However, the message from the authorities is now loud and clear - BELT UP - and also ensure that ALL your passengers are restrained at all times, too - unless you want to wear some considerable monetary (and points) loss.
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Reply By: Notso - Monday, Sep 02, 2013 at 09:11

Monday, Sep 02, 2013 at 09:11
You missed the most important penalty of all mate!
AnswerID: 517506

Follow Up By: Ron N - Monday, Sep 02, 2013 at 11:59

Monday, Sep 02, 2013 at 11:59
Notso - Yes, the ultimate penalty is the one you can't get out of, with the assistance of a lawyer.

The brother and SIL were travelling home to the wheatbelt around 1967 or '68, through the Gleneagle State Forest, late at night.
The roads were pretty quiet and just one car came up behind them in about 70 kms once out of Perth.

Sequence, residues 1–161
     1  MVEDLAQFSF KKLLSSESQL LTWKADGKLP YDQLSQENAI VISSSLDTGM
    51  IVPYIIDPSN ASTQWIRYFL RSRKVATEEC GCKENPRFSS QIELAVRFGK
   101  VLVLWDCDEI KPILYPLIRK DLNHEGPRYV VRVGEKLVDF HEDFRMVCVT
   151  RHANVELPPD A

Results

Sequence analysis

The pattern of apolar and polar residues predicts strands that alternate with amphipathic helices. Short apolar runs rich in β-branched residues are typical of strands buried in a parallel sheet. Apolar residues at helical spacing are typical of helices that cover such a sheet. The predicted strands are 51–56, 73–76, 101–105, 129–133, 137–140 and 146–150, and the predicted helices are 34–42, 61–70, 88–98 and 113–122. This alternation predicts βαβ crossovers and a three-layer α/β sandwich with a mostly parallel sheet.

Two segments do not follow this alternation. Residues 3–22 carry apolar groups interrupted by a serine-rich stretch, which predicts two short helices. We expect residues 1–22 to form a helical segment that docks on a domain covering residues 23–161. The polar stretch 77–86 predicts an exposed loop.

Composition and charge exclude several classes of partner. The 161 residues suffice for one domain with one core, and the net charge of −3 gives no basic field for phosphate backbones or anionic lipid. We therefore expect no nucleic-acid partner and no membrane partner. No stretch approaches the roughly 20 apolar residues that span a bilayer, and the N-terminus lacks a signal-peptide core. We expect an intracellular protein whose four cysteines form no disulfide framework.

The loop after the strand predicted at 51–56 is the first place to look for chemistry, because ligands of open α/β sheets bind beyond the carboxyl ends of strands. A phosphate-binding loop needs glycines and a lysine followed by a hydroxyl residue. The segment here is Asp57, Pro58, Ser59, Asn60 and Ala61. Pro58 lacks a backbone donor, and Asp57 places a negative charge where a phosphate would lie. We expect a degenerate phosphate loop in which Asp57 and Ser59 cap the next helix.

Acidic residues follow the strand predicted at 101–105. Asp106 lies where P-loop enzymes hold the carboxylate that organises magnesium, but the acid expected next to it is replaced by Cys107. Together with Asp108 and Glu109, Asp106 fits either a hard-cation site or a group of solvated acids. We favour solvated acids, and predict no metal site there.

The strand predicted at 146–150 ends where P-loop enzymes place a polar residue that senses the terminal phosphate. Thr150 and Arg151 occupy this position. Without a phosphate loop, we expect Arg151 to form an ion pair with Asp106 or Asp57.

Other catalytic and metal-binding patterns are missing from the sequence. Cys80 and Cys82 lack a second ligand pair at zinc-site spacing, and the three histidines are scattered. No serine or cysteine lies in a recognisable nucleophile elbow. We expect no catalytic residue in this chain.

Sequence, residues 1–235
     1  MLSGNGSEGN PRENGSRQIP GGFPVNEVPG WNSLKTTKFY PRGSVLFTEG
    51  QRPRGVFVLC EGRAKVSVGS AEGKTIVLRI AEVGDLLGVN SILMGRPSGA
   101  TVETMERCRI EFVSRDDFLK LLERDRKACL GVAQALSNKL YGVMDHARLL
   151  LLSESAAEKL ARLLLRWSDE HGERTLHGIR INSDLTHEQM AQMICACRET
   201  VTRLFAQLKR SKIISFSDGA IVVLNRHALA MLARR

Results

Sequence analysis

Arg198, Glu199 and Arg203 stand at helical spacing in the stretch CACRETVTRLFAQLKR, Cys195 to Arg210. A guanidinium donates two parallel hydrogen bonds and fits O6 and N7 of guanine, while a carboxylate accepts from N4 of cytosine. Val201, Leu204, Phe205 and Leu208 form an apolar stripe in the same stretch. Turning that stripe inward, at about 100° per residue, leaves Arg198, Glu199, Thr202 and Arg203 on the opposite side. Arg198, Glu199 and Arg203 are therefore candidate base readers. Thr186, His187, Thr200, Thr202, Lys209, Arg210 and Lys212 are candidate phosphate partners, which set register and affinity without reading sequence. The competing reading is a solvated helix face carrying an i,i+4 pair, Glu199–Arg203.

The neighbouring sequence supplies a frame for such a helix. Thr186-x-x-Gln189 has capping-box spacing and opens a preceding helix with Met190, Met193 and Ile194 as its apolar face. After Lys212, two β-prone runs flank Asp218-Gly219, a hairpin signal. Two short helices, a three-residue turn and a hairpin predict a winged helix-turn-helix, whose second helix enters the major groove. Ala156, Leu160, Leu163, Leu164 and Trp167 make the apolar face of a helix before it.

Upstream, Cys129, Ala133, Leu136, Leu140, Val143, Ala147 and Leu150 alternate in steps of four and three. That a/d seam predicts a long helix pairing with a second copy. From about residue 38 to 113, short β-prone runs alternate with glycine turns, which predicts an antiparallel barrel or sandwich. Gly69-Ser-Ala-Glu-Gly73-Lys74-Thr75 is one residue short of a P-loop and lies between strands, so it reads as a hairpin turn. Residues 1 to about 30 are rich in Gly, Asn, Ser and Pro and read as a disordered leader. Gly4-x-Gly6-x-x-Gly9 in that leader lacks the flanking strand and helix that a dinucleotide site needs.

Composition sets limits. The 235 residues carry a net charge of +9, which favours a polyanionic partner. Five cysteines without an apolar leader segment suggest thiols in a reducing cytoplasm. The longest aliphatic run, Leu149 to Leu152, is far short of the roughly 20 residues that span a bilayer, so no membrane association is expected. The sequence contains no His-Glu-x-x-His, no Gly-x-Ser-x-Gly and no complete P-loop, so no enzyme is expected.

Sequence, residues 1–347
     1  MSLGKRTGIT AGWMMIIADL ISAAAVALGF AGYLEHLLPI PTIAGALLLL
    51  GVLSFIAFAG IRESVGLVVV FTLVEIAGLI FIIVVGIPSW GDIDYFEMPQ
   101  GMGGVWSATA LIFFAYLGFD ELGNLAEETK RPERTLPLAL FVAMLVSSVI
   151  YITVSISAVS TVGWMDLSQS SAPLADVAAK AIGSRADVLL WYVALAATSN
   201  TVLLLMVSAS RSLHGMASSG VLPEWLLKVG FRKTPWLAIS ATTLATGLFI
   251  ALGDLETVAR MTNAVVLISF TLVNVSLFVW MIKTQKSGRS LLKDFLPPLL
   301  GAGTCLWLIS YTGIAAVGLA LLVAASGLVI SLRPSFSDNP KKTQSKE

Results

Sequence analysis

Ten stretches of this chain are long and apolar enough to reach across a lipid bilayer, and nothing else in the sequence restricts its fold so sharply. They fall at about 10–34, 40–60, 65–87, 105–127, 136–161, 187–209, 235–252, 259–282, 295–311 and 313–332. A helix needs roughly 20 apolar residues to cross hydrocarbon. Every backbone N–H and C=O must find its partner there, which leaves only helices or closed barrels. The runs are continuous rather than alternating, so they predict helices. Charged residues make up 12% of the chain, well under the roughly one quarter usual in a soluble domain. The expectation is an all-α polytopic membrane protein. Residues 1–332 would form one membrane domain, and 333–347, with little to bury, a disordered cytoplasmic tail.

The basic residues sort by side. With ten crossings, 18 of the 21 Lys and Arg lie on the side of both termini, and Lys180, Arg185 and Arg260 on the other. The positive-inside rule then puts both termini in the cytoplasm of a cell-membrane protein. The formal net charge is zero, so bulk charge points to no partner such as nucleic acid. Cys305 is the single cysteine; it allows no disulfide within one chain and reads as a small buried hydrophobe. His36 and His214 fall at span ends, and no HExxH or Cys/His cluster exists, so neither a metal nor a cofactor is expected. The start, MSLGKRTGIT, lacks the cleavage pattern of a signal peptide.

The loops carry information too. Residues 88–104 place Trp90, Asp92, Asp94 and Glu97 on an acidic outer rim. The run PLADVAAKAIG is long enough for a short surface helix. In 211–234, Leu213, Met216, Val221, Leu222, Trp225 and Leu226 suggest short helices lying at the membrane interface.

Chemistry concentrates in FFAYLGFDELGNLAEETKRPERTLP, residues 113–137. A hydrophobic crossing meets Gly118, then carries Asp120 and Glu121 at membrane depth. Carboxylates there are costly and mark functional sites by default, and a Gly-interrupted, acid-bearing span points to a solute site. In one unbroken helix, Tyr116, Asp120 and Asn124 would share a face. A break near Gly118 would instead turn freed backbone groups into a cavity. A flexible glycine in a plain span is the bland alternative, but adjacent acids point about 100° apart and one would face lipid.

The car overtook them and vanished into the distance.

About 15 mins later, as they neared the end of the forest and the start of the farmland at Dale River, they spotted a set of headlights in the bush, about 80M off the road.
They pulled up and saw the car that had passed them only 15 mins before, on its side. It had run off the road, rolled on its side and slid into a sizeable tree, that was directly in line with the windscreen.

They had a look inside and found that the driver (the sole occupant) was dead - killed instantly by a broken neck, when he was thrown forward and hit the tree.

This was just before seatbelts became mandatory. This bloke was only one of hundreds of people that would still be here today if seatbelts had been introduced earlier.
Interestingly, a number of Fords had seatbelts as standard from the early 1960's but few people used them.